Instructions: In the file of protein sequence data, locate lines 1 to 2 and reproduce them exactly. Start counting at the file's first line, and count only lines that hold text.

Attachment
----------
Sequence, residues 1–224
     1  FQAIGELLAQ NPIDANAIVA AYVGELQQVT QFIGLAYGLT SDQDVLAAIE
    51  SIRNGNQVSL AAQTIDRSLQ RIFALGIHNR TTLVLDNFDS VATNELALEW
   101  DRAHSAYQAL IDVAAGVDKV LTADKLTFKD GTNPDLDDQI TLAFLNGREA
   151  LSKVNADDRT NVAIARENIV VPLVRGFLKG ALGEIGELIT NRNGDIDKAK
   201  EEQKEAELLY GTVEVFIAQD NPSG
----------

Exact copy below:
Sequence, residues 1–224
     1  FQAIGELLAQ NPIDANAIVA AYVGELQQVT QFIGLAYGLT SDQDVLAAIE